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Lawmakers on Thursday demanded General Motors fire its chief lawyer and open its compensation plan to more potential victims as a Senate subcommittee delved deeper into GM's mishandling of the recall of small cars with defective ignition switches.
Texas attorney Bob Hilliard, who represents plaintiffs suing General Motors ( GM ), believes as many as 5,000 people died in connection with the automaker's ignition-switch issue. According to Hilliard, at least 100 deaths have already been brought
Chief Executive Mary Barra and General Counsel Mike Millikin have been called to testify next week before a senate subcommittee investigating why it took the company nearly 11 years to recall older small cars equipped with a faulty ignition switch.
For more than a year, a lawsuit filed by Brooke Melton 's family has caused major migraines for General Motors . Litigation over the 29-year-old nurse's death was settled by GM last October. But not before it laid bare how the company allowed
General Motors' safety crisis deepened dramatically Monday when the automaker added 8.2 million vehicles to its ballooning list of cars recalled over faulty ignition switches. The latest recalls involve mainly older midsize cars and bring GM's total
Kenneth Feinberg is prepared to pay out billions of General Motors' money to victims of crashes in GM small cars provided they can prove the cars' ignition switches caused the crash. GM links 13 deaths to a defective ignition switch in cars such as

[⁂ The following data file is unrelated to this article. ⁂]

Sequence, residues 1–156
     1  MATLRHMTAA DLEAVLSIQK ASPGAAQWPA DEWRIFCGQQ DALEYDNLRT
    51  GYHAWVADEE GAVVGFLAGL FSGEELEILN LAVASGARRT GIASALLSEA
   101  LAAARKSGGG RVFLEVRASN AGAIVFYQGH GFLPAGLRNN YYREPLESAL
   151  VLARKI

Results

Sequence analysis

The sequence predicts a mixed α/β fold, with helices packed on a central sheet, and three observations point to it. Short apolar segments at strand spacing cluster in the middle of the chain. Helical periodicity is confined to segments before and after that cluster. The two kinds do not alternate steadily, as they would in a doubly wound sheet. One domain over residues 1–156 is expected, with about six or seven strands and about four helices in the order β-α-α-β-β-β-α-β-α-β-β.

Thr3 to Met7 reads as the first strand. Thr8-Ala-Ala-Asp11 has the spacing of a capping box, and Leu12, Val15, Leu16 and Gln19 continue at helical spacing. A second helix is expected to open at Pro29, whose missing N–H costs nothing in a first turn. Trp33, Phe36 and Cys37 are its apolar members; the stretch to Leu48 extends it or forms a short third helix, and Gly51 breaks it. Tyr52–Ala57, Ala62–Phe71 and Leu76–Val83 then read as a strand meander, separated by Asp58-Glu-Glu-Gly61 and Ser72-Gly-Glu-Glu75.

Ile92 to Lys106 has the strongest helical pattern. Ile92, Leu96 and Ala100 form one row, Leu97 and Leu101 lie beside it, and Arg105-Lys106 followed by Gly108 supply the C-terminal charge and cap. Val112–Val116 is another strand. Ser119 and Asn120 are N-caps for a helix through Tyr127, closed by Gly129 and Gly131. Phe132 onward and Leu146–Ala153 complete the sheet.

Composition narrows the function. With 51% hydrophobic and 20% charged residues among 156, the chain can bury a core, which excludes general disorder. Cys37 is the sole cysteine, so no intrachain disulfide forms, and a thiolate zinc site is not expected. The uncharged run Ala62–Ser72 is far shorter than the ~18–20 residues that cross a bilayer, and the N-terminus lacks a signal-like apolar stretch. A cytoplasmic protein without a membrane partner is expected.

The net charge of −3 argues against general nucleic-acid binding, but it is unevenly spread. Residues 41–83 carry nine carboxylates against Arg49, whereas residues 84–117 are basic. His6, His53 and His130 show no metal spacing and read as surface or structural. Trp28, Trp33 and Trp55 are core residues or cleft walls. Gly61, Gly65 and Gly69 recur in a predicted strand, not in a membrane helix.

Reported GM CEO Mary Barra detailing the recalls in front of shareholders and the media. GM ) adding onto its outrageously high total of 17.7 million vehicles recalled in the U.S. (more than 20 million vehicles in North America), or other
General Motors consultant Kenneth Feinberg on Monday will unveil his long-awaited compensation plan for those who were killed or injured as a result of the automaker's ignition switch recall problem. GM has linked the issue to 13 deaths and 54
General Motors Co may end up compensating many more people than the families of 13 victims it has linked to a faulty ignition switch, as it considers waiving key legal defenses in order to resolve injury and death cases out of court. Details of the
For signs that General Motors Co's ignition switch crisis may be fading, look no farther than the quiet annual meeting this week. A total of 29 shareholders attended, and not one asked about the defect linked to at least 13 deaths and the recall of 2.